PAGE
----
T30 Torx Screw
Harness - Male Connector
Step 2: Removing the door pins and hinges
OK, here comes the tricky part. Chilton’s manual says to first remove the door pins before you remove the door hinges. This step is almost impossible because the factory door pins has both top and bottom hats so there’s no way to tap them out with a chisel. Your only option is to cut the pins. You can do this doing two possible methods:
You could either:
1. Use a Dremel with a small 1 1/2" fiber blade and cut the middle of the pins (route I chose), OR
2. Use a grinder with a small blade to cut the hats off the pins (not sure if this method will work because there is very little room).
Below are side by side comparisons of the door pins and bushings.
Left, Old - Right, New
Using a Dremel, we will begin cutting the pin. Since there is very little room to work with, you will want to cut the pin at an angle. The best possible angle I found was a location up at the top at a 60 degree angle. Below shows the location where I cut the pin.
Cut Pin Location
Before you cut the pins, make sure you are wearing safety glasses and gloves on to protect yourself from sparks. Once you’ve finished cutting the pins, use your pliers to grab the hats of the pin and pull. If you’re having trouble getting them out, soak it with PB Buster and wait a few minutes. It was a PITA for me to get the pins to slide off. I practically used up 1/3 of my PB Buster just to get it loose. You could also try to chisel it out. After they come off, use needle-nose pliers to pull off the old bushing gasket/washer.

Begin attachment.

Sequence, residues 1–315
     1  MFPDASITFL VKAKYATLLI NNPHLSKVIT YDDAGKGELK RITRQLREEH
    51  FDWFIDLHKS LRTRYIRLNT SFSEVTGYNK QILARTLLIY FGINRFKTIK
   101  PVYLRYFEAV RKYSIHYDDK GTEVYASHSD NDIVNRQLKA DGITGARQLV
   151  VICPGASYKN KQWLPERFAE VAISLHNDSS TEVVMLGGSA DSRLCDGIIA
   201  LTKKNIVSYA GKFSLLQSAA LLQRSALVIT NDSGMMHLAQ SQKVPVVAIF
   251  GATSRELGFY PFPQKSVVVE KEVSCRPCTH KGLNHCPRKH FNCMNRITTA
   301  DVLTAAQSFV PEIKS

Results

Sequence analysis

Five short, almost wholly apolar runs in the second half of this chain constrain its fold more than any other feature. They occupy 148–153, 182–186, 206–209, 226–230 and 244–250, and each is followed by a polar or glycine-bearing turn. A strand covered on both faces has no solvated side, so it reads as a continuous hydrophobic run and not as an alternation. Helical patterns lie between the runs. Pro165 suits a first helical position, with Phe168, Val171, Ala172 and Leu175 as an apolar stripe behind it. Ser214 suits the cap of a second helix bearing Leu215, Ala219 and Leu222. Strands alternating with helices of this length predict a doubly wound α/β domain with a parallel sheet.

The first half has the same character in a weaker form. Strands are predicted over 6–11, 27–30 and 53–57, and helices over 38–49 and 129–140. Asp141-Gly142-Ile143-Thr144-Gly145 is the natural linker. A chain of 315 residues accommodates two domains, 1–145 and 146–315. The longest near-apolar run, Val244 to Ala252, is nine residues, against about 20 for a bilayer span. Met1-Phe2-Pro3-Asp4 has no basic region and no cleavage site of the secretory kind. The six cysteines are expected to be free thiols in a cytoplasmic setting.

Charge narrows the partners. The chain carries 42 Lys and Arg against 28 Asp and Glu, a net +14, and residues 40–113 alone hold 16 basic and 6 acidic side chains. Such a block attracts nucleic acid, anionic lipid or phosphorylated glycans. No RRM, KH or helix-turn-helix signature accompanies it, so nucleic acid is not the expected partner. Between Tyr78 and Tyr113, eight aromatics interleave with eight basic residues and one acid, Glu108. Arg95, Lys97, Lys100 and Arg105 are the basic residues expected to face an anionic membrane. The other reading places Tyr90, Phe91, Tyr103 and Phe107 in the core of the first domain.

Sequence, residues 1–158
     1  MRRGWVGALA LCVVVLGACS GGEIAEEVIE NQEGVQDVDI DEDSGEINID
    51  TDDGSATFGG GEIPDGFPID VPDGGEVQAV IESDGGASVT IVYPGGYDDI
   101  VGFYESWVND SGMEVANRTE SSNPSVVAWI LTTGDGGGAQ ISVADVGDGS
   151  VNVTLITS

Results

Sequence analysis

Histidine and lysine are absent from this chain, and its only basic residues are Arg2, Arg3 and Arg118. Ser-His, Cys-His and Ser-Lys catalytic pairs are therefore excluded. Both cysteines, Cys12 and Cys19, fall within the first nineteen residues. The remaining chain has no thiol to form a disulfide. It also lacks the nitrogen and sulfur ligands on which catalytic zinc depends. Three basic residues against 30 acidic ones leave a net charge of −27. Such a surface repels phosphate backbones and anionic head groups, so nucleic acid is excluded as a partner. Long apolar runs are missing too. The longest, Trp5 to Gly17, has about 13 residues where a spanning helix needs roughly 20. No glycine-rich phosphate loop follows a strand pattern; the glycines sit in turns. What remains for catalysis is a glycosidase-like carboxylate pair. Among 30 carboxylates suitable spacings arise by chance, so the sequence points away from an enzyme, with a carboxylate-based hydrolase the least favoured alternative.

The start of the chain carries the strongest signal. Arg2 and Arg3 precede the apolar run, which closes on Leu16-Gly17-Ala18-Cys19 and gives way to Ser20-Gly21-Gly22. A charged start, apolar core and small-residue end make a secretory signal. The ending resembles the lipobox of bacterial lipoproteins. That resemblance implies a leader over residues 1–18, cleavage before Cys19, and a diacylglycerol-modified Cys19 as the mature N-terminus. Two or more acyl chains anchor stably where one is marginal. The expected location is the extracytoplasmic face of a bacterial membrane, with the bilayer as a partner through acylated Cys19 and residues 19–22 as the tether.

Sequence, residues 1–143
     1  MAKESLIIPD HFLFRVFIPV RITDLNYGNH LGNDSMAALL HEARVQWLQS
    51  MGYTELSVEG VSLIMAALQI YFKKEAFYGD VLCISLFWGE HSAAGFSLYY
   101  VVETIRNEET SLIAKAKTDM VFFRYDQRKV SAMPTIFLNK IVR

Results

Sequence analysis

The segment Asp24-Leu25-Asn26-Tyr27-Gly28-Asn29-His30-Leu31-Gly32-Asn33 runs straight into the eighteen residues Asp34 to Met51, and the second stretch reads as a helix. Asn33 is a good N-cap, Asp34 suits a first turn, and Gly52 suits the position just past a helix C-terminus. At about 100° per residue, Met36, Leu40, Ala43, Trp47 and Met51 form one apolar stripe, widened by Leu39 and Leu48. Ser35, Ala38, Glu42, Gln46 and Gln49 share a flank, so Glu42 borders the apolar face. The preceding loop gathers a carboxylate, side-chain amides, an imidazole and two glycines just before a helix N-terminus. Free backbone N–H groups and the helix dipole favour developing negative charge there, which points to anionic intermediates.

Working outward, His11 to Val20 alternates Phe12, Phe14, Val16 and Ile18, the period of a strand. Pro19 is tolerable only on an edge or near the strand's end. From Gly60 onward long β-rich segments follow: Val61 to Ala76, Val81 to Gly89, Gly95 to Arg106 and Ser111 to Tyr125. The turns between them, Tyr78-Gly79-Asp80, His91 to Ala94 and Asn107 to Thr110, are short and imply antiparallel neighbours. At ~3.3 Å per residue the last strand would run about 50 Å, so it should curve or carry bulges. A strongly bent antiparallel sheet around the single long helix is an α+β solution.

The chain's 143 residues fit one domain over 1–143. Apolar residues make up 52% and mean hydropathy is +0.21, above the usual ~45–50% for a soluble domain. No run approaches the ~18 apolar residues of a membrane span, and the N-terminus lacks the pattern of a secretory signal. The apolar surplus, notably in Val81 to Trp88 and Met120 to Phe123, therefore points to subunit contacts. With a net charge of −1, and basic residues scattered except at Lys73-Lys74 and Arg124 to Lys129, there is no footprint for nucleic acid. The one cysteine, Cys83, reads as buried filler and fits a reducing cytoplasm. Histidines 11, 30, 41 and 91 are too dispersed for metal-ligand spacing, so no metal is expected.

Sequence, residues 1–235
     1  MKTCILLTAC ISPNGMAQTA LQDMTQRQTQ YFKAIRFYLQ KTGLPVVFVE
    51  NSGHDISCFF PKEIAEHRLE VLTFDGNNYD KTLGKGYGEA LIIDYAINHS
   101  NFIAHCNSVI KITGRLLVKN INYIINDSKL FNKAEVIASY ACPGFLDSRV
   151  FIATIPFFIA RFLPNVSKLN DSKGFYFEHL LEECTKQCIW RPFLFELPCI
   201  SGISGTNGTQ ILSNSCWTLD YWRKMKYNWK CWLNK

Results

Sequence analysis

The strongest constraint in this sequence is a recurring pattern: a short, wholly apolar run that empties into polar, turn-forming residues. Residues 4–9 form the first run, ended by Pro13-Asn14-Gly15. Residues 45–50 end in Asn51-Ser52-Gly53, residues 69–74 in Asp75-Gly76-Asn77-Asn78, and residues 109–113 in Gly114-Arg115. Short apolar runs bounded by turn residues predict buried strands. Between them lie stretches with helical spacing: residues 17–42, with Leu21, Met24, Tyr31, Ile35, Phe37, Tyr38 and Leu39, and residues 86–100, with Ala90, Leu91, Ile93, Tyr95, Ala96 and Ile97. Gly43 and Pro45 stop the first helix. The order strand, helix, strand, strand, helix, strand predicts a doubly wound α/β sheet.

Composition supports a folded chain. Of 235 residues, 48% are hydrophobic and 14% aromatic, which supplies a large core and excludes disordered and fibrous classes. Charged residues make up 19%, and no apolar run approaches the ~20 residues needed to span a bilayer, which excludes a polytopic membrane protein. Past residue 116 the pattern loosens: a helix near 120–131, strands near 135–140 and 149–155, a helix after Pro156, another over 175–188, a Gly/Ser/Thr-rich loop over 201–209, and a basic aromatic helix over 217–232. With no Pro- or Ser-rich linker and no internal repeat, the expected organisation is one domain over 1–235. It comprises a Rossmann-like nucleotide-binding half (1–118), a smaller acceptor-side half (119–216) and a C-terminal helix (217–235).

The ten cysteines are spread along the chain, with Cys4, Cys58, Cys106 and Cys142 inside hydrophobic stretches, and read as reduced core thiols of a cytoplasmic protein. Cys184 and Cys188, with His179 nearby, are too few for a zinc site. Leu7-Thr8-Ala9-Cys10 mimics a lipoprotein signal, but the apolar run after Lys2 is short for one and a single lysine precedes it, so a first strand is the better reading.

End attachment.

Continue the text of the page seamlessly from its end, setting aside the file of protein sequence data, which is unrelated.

Old Bushing Gasket/Washer
Then, use your slip-joint pliers to grab the hats of the bushings and pull off. Below, the pictures show the worn out bushing versus the new bushing.
Now, hose down the door hinges and bolts with PB Buster, and then clean them with a shop towel. Then using a rubber hammer/mallet, pound down on both hats of the new bushings so the outer door hinge can slide in easy into the inside door hinge.
New Bushings Installed
Step 3: Installing new door pins and reinstalling door.
First, we want to install the outer door hinges to the inside door hinges. Make sure you don’t tighten the bolts too tight otherwise you won’t be able to align the hinges for the pins to go in.
Next, you will need your partner’s help again to hold the door up while you insert the pins in the hinges. Before you do this, spray some silicon lubricant onto the pins and bushings. With the top hinge, there is really no way to insert the pin from the top so you’ll have to insert it from the bottom up. Using your round-tip chisel, hammer the pins in place. Spray some more silicon lubricant on the contact points. If you have a welder, you can put a spot weld on the top of the top door pin to insure that pin won't ever fall off. For now, you can leave the top pin the way it is because of how tight and narrow the new bushings are. Once they’re in, readjust the hinges so the door alignment is correct. Basically have your partner lift the door up while you tighten the four (4) 10 mm bolts. The torque specs for those bolts are:
Front door hinge bolts: 26 ft/lbs
Rear door hinge bolts: 21 ft/lbs
Next, reinstall the wiring harness and door panel. You’re finished! Pat yourself on the back for a job well done and celebrate with a nice cold beer.
- Brian (sayc0002)
Extra thanks: bstewart